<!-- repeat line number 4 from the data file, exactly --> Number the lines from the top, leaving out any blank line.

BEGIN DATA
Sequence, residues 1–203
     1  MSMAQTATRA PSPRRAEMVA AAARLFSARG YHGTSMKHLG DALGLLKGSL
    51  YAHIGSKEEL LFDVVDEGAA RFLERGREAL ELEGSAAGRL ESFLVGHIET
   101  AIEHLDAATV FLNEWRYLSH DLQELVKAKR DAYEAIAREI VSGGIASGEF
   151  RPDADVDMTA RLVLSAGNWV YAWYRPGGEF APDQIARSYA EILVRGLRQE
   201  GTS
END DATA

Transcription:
   101  AIEHLDAATV FLNEWRYLSH DLQELVKAKR DAYEAIAREI VSGGIASGEF